DENVER (FRONTLINE MEDICAL NEWS) A high degree of unwarranted practice variation exists among pediatricians and family physicians with regard to screening children for obstructive sleep apnea in accord with current evidence-based practice guidelines, Sarah M. Honaker, Ph.D., said at the annual meeting of the Associated Professional Sleep Societies.

The American Academy of Pediatrics and American Academy of Sleep Medicine recommend that children with frequent snoring be referred for a sleep study or to a sleep specialist or otolaryngologist because of the damaging consequences of living with untreated obstructive sleep apnea (OSA). But Dr. Honaker’s study of 8,135 children aged 1-12 years seen at five university-affiliated urban primary care pediatric clinics demonstrated that the identification rate of suspected OSA was abysmally low, and physician practice on this score varied enormously.

“There is a critical need to develop enhanced implementation strategies to support primary care providers’ adherence to evidence-based practice for pediatric OSA,” declared Dr. Honaker of Indiana University in Indianapolis.

She and her coinvestigators have developed a computer decision support system designed to do just that. Known as CHICA, for Child Health Improvement through Computer Automation, the system works like this: While in the clinic waiting room, the parent is handed a computer tablet and asked to complete 20 yes/no items designed to identify priority areas for the primary care provider to address during the current visit. The items are individually tailored based upon the child’s age, past medical history, and previous responses.

One item asks if the child snores three or more nights per week, a well-established indicator of increased risk for OSA. If the answer is yes, CHICA instantly sends a prompt to the child’s electronic medical record noting that the parent reports the child is a frequent snorer and this might indicate OSA.

The primary care provider can either ignore the prompt or respond during or after the visit in one of three ways: “I am concerned about OSA,” “I do not suspect OSA,” or “The parent in the examining room denies hearing frequent snoring.”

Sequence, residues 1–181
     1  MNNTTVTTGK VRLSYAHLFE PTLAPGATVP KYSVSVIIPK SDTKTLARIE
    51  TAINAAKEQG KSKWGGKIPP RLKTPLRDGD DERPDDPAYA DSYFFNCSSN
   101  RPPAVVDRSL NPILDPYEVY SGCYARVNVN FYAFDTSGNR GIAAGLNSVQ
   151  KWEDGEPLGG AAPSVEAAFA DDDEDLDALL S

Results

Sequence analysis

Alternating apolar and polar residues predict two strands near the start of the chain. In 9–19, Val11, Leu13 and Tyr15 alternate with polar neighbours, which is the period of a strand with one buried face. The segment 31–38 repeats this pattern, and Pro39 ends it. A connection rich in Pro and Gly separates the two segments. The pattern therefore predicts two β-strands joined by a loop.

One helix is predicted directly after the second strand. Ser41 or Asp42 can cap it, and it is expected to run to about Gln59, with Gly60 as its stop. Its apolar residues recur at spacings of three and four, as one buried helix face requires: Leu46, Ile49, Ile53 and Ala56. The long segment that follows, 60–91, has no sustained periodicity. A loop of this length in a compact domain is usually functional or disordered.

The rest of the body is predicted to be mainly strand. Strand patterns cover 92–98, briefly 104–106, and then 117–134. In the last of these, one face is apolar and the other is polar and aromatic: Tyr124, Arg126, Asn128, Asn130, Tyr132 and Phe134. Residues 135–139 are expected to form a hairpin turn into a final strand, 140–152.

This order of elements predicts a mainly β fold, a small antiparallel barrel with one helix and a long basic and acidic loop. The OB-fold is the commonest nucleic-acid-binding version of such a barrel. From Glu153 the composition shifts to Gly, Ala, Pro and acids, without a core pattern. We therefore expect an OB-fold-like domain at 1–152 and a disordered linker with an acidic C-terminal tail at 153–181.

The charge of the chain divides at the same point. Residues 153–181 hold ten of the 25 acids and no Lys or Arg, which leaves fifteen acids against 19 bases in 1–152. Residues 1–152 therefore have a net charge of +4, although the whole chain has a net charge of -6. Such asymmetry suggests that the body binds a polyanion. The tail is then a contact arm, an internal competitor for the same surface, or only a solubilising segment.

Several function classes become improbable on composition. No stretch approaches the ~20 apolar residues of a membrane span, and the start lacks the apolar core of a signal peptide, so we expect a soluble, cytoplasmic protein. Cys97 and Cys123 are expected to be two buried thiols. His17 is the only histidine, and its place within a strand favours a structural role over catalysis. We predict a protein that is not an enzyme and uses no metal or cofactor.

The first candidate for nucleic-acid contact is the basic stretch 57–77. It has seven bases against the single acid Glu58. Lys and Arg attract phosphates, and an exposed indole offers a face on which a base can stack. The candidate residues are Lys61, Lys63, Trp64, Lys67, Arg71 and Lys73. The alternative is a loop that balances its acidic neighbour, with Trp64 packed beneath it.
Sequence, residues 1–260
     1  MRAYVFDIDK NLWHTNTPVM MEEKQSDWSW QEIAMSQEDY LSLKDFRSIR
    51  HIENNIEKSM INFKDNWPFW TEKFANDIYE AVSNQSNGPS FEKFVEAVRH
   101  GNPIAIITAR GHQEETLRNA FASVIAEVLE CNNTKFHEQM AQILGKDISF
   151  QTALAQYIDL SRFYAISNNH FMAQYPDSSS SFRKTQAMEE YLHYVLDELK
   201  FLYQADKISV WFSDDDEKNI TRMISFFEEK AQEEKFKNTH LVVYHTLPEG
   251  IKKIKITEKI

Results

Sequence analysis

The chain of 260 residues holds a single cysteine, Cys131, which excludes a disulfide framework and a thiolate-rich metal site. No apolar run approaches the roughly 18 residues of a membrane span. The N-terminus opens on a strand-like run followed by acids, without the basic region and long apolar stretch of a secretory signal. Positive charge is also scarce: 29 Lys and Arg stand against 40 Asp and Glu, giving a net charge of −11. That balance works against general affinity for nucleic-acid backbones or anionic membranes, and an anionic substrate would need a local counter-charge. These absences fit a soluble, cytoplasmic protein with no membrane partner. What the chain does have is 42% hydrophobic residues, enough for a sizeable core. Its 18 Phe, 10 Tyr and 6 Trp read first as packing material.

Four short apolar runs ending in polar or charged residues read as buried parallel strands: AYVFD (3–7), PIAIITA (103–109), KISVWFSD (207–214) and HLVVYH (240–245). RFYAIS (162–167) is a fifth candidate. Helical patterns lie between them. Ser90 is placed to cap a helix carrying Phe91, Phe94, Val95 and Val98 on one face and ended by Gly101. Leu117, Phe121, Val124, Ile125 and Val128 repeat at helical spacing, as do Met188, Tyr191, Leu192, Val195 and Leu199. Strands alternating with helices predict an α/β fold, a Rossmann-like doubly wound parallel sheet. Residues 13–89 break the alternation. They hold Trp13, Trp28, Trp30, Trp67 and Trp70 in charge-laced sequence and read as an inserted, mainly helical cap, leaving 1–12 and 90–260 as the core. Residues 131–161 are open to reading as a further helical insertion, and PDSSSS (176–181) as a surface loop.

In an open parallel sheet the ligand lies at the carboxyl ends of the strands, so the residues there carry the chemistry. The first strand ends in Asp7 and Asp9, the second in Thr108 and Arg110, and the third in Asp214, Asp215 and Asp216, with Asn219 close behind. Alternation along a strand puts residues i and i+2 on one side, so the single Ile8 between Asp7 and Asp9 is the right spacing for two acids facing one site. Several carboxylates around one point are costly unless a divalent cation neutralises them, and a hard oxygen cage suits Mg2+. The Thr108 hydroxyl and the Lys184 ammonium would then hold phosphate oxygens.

The mean age of the patients in Dr. Honaker’s study was 5.8 years, and 83% of the 8,135 children had Medicaid coverage. Parental cooperation with CHICA was high: 98.5% of parents addressed the snoring question. They reported that 28.5% of the children snored at least 3 nights per week, generating a total of 1,094 CHICA prompts to the primary care providers. Forty-four percent of providers didn’t respond to the prompt, which Dr. Honaker said is a typical rate for this sort of computerized assist intervention. Of those who did respond, only 15.9% indicated they suspected OSA. Sixty-three percent declared they didn’t suspect OSA, and the remainder said the parent in the examining room didn’t report frequent snoring.

Although responding providers indicated they suspected OSA in 15.9% of the children, that’s a low figure for frequent snorers. Moreover, 31% of children who got the CHICA frequent snoring prompt were overweight or obese, and 17% had attention-deficit hyperactivity disorder symptoms, both known risk factors for OSA. Some of the kids had both risk factors, but 39% had at least one in addition to their frequent snoring, Dr. Honaker noted.

The investigators carried out multivariate logistic regression analyses of child, provider, and clinic characteristics in search of predictors associated with physician concern that a child might have OSA. It turned out that none of the provider characteristics had any bearing on this endpoint. It didn’t matter if a physician’s specialty was pediatrics or family medicine. Providers had been in practice for 3-42 years, with a mean of 15.1 years, but years in practice weren’t associated with a physician’s rate of identification of possible pediatric OSA. Individual provider rates varied enormously, though. Some physicians never suspected OSA, others did so in nearly 50% of children flagged by the CHICA prompt.

“It’s not clear that type of training plays a large role in this area,” she commented.

The only relevant patient factor was age: children aged 1-2.5 years were 73% less likely to generate physician suspicion of OSA.

“Surprisingly, none of the patient health factors were predictive. So having ADHD symptoms or being overweight or obese did not make it more likely that a child would elicit concern for OSA,” Dr. Honaker observed.

However, which of the five clinics the child attended turned out to make a big difference. Rates of suspected OSA in children with a CHICA snoring prompt ranged from a low of 5% at one clinic to 27% at another.

Dr. Honaker’s recent review of the literature led her to conclude that the Indiana University experience is hardly unique. Despite documented high rates of pediatric sleep disorders in primary care settings, screening and treatment rates are low. Primary care physicians receive little training in sleep medicine ( Sleep Med Rev. 2016;25:31-9 ).

What’s next for CHICA?

Dr. Honaker and coworkers have developed a beefed up CHICA decision support system known as the CHICA OSA Module. In addition to generating a prompt in the medical record if a parent indicates the child snores three or more nights per week, additional OSA signs and symptoms, if present, will be noted on the screen, along with a comment that American Academy of Pediatrics guidelines recommend referral when OSA is suspected. Dr. Honaker plans to conduct a controlled trial in which some clinics get the CHICA OSA Module while others use the older CHICA system.

Her study was funded by the American Sleep Medicine Foundation. She reported having no financial conflicts.